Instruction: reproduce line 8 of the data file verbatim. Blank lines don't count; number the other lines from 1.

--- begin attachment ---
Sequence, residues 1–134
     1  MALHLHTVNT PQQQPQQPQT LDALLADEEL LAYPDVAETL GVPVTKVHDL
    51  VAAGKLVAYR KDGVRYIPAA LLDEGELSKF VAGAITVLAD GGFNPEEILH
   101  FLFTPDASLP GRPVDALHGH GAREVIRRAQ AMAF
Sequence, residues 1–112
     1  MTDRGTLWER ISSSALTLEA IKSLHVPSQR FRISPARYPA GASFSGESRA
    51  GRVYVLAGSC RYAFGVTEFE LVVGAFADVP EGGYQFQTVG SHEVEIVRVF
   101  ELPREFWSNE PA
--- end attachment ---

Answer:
   101  ELPREFWSNE PA